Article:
In previous sections we have considered diverse issues relative to artificial neural networks construction, as economic and financial models, artificial agents and markets. Many dynamic models assume agents with knowledge of the economic environment in which they operate, in which case learning is not so relevant. Not often it is assumed that agents lack of such a knowledge and act according to models iteratively approximating as more data become available: here learning is crucial for the analysis and its behaviour is associated with econometric algorithms. ANNs may be useful for understanding the basis of learning behaviour, and they have many features of real world learning and reasoning, with a robust association between inputs and outputs also in presence of noise in the inputs, besides an “inductive” and adaptive learning behaviour as the environment changes. Much work has to be done to better understand how such learning takes place, especially in how agents learn and behave. In particular, the study of financial markets leads practictioners to rely not only upon official academic theories, but to use ANNs to get a right analysis of financial markets; obviously, a precise evaluation of the ANNs’ goodness may be done only when an artificial financial market is fully developed, but today we are still far from that. The implications of ANNs for the efficiency of financial markets shows that it is its very idea that must be redesigned, in order to come to a more practical definition that considers as well computing resources now available. 7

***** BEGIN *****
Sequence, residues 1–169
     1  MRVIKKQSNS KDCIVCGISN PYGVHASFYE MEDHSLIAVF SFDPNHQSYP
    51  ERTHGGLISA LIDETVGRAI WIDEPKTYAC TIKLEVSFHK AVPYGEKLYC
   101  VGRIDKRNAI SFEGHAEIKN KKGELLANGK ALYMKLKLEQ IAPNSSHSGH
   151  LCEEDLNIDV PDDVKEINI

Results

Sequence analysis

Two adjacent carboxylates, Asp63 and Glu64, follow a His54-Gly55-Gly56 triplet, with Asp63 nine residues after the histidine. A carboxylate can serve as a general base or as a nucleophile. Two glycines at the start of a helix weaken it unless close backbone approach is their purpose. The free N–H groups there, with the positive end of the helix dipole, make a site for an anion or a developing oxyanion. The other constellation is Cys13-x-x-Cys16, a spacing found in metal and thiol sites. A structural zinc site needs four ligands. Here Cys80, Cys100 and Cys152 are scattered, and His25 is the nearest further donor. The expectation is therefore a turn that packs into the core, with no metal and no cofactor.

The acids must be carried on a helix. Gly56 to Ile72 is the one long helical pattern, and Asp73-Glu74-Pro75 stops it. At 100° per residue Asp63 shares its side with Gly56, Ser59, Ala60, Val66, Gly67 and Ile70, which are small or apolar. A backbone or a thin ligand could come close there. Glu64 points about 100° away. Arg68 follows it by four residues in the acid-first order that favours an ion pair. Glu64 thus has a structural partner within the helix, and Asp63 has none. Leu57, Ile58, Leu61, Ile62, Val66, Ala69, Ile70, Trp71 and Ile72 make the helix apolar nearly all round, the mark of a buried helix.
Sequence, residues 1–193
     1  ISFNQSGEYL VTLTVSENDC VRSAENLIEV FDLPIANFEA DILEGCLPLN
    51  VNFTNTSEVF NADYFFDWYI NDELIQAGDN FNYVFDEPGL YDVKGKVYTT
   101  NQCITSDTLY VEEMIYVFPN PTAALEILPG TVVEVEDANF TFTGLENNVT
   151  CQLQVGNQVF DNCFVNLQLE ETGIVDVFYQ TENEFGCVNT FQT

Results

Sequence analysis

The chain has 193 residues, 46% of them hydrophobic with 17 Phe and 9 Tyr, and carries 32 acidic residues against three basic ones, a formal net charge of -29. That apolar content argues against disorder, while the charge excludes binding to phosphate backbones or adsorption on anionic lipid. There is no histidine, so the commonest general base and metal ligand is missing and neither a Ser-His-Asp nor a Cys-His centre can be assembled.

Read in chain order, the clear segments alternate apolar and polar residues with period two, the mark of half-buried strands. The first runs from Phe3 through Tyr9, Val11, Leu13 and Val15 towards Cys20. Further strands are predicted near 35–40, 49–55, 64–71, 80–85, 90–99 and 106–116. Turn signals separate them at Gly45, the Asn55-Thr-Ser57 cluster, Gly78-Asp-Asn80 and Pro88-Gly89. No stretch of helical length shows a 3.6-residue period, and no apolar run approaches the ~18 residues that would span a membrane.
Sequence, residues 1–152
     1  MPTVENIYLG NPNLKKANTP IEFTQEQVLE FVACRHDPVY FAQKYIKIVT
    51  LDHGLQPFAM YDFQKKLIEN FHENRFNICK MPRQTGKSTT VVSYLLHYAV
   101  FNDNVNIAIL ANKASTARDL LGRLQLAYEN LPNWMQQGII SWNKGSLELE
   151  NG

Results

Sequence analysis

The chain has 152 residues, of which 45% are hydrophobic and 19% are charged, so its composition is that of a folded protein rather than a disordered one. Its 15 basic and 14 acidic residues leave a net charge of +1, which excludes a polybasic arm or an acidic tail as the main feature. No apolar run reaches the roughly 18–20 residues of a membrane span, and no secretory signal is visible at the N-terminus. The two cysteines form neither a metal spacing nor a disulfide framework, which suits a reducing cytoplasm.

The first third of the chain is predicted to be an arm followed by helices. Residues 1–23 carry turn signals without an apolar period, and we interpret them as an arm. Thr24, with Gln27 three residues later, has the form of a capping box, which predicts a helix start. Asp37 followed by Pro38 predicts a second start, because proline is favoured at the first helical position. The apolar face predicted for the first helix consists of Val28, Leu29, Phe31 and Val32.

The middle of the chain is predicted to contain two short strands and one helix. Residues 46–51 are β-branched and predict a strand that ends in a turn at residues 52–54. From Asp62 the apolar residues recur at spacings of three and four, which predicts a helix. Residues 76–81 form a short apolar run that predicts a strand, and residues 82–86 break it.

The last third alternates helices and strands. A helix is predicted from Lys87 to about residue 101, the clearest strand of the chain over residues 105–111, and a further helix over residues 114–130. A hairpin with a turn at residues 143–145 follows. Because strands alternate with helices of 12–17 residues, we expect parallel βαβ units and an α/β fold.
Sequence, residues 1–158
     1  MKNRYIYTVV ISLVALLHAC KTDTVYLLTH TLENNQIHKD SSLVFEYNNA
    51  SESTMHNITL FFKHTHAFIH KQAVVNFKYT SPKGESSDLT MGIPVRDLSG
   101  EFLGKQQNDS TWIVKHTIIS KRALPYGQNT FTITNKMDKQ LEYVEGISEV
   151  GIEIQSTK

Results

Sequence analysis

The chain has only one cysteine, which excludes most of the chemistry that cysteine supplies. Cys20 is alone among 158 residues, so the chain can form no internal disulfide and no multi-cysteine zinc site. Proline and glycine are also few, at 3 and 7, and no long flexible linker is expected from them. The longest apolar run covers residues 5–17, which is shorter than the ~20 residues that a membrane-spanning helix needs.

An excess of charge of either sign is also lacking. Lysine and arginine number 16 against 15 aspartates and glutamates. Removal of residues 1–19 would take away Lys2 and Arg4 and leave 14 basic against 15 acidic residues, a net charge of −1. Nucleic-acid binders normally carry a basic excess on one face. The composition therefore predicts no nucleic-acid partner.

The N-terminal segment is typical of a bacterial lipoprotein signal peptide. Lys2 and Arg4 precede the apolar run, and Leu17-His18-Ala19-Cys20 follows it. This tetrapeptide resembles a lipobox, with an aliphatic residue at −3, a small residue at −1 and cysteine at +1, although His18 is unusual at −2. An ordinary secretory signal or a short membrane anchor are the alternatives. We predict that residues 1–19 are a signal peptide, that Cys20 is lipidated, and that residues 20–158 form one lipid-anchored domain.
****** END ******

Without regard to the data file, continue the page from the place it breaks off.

On price changes, the cross-target mechianism determines two symmetrical corrections

References Caudill M. and Butler C. (1992) Understanding Neural Networks: Computer Explorations, volume 1 and 2, MIT Press, Cambridge, MA. Cliff D., Harvey I. and Husbands P. (1992) Incremental evolution of neural network architectures for adaptive behaviour, Research paper n. 256, University of Sussex, Brighton. D’Ecclesia R. and Gallo C. (2002) Price-caps and efficient pricing for the electricity italian market, Quaderni del Dipartimento di Matematica, Statistica, Informatica e Applicazioni, vol. 5, Universit`a di Bergamo. Hecth-Nielsen (1987) Neurocomputer Applications: Neural Computers, Springer-Verlag, Berlin. Kohonen T. (1984) Self-organization and associative memory, in: Series in Information Sciences, Springer-Verlag, Berlin. Lane D.A. (1993a) Artificial worlds and economics, part i, Journal of Evolutionary Economics, 3, 89–107. Lane D.A. (1993b) Artificial worlds and economics, part ii, Journal of Evolutionary Economics, 3, 89–107. Parisi D., Cecconi F. and Nolfi S. (1990) Econets: Neural networks that learn in an environment, Network, 2, 149–168. Rumelhart D.E. and McClelland J.L. (1986) Parallel Distributed Processing: Exploration in the Microstructure of Cognition, Vol. 1: Foundations, MIT Press, Cambridge, MA. Terna P. (1993) Artificial interacting agents for stock market experiments: the cross-target method, in: Proceedings of ICANN 93, (eds S. Gielen and B. Kappen), Springer-Verlag, Berlin. Wasserman P.D. (1989) Neural Computing: Theory and Practice, Van Nostrand Reinhold, New York, NY.